Scott Lehr, vice president and general manager of Launch & Missile Defense Systems for Northrop Grumman, talks taking risks and going your own way
When Scott Lehr (CE 84) was 5 years old, he sent a letter to the National Aeronautics and Space Administration (NASA) asking if watches worked in space. Not only did NASA answer his question, but they continued to send him mail for several years.
“They sent me materials for years on the human space mission, so I have a big folder with all these NASA fact sheets and pictures of astronauts.”
That was the beginning of Lehr’s lifelong interest, both personal and professional, with science – space, in particular. He grew up in Aberdeen, SD, during the Apollo days and remembers watching the moon landing in 1969.
It’s no surprise Lehr wanted to attend South Dakota Mines. The school had a great reputation locally and regionally and also had good relationships with many companies in the industry. As a student, he valued the small class sizes and dedicated professors who came with lots of industry experience. He remembers they would gladly spend time helping students get through tough courses.
Even though he studied civil engineering, he never lost his interest in aerospace engineering. The Cold War was still in full swing as he neared graduation, and the Berlin Wall hadn’t yet fallen. The defense industry was booming. His advisor, Bill Coyle, who Lehr remembers fondly, wanted him to remain a civil engineer. But Lehr couldn’t kick his initial love of space. He decided his civil engineering studies from Mines taught him enough of the fundamentals that he could veer in another direction if he wanted.
Nearly 39 years later, he’s glad he took the risk. And according to Lehr, he didn’t have much of a choice after his first time witnessing a rocket launch.
“If you’ve ever seen a rocket launch and feel that pressure pound against your chest, you’re hooked. You’re not going back. That’s what happened to me.”
Lehr started out in quality engineering at Hercules Aerospace Co., a company the primarily built solid rocket motors for the government. He eventually moved into materials testing where he was pulled into a program the company was working on for NASA. Lehr acted as a program manager on the project, which was the beginning of his progression through the ranks. In 1995, Hercules Aerospace was purchased by ATK (a Honeywell spinoff), which eventually merged with Orbital Science and became Orbital ATK. Lehr became Vice President of Flight Systems for Orbital ATK in 2015. Northrop Grumman bought Oribtal ATK in 2018.
Lehr is now vice president and general manager of Launch and Missile Defense Systems, a division that does $3.6 billion in sales annually. Based in Chandler, AZ, the area includes nearly 7,500 people in offices across the United States. Lehr’s area is responsible for projects that launch cargo to the space station and develop software and systems that detect missile launches. They were recently awarded a contract by the Missile Defense Agency for the rapid development and flight rest of an interceptor designed to defend the nation against complex long-range threats.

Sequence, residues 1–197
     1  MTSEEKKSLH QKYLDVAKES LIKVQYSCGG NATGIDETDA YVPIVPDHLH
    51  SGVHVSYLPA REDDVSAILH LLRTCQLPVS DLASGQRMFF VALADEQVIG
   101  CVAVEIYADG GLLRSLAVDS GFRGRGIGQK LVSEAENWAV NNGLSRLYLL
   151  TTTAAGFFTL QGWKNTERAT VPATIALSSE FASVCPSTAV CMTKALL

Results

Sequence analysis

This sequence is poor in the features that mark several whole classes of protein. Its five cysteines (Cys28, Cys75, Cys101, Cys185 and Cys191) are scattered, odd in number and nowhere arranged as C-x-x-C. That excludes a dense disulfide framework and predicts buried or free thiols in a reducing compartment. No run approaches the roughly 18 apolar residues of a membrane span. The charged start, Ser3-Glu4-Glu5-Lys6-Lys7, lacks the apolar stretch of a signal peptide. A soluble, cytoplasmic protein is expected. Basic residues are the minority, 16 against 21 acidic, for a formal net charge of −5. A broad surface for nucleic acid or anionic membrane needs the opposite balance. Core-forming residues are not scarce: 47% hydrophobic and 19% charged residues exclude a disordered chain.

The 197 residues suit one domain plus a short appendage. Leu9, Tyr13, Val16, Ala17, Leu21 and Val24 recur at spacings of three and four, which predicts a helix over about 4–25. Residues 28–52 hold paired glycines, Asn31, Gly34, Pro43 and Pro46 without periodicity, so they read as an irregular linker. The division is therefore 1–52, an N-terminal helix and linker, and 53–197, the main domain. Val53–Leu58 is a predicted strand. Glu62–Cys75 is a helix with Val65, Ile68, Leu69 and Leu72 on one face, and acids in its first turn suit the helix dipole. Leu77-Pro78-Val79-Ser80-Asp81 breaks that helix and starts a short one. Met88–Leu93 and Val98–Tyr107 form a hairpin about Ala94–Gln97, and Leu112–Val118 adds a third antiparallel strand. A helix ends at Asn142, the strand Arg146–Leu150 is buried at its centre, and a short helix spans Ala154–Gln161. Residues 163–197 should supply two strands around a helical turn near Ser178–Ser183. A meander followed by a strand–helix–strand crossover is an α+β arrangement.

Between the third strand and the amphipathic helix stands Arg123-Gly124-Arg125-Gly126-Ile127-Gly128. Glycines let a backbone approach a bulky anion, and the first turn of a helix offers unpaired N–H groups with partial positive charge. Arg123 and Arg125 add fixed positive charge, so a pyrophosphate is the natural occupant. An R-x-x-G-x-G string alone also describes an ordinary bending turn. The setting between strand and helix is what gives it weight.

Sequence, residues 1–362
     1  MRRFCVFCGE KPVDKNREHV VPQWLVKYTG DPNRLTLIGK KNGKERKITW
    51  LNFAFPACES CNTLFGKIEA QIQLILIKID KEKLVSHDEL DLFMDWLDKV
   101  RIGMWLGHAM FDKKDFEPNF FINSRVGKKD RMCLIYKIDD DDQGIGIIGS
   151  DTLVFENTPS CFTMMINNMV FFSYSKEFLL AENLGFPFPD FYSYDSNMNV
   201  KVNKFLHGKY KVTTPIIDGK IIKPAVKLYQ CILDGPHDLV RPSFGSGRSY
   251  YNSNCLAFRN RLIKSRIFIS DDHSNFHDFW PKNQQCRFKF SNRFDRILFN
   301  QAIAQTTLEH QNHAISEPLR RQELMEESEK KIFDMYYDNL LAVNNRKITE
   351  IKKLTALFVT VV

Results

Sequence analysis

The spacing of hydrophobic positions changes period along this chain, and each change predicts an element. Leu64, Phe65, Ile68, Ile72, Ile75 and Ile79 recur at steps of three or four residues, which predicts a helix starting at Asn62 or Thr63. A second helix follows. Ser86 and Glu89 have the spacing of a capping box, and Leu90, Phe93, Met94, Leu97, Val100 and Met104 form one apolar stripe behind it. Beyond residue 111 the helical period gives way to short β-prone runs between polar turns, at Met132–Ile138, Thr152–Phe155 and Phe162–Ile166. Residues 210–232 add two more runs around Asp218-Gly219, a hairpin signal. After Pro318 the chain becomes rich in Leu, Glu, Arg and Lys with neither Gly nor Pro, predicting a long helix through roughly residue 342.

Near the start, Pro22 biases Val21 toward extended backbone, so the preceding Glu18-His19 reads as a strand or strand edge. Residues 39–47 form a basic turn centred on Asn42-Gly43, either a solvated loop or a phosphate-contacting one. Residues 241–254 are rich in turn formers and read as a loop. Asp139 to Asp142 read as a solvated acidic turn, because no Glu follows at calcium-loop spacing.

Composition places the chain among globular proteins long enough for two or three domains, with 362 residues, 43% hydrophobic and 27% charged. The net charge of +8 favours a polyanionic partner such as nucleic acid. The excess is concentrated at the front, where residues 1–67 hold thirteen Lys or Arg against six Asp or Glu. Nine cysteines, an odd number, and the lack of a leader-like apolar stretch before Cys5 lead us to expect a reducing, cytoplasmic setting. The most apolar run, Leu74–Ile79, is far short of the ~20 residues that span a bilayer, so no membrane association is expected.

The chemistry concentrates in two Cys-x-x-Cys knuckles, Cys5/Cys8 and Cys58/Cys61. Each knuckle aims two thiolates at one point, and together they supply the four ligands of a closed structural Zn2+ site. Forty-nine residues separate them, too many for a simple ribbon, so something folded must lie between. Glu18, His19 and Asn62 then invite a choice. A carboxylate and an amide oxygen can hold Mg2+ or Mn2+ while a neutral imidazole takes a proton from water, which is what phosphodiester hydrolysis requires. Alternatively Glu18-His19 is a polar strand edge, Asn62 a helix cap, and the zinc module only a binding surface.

Last year, the division opened a building in Colorado Springs, CO, that is home to advanced engineering, research labs, software development factories, and a high-speed, multi-secured communications network.
“We make the software and systems that detect the launch and then allow a war fighter that sits at Vandenberg Air Force Base to press the buttons that would launch interceptors in Fort Greeley, AK, and intercept those missiles if one of our adversaries tried to attack us.”
The gravity (no pun intended) of Lehr’s work is something he thinks about often. “When you make a solid rocket motor, safety is really critical. It’s a very precise business. Little things matter. We’re very focused on our customers, NASA and the military. They reinforce the importance of our mission, and they place their trust in us. We don’t want to let them down.”
While the stakes are high, the work is also very satisfying. It’s incredibly rewarding, and that’s why I’m working on 39 years. From me on down, we take a lot of pride in what we do. We have a lot of patriotic folks who work in this area.”
Lehr’s area also works with nearly 100 interns. He enjoys mentoring the young professionals, and the one piece of advice he likes to give is: Don’t be afraid to take risks. “Volunteer for the hard stuff. Raise your hand when no one else wants the assignment. In my case it involved a relocation to Edwards Air Force Base in California for 18 months. I was the only one who raised my hand to do it. My team had to build and test a rocket motor in record time and we did really well. I took a huge risk when I took that job, but it paid off because it gave me that exposure.”
However, the ability to take risks should also accompany the readiness to fail, according to Lehr.
“You have to be prepared for the fact that it might not turn out well, but usually you can still learn something from it. Usually there’s a risk reward. Before you know it, you’re going to be in charge of something.”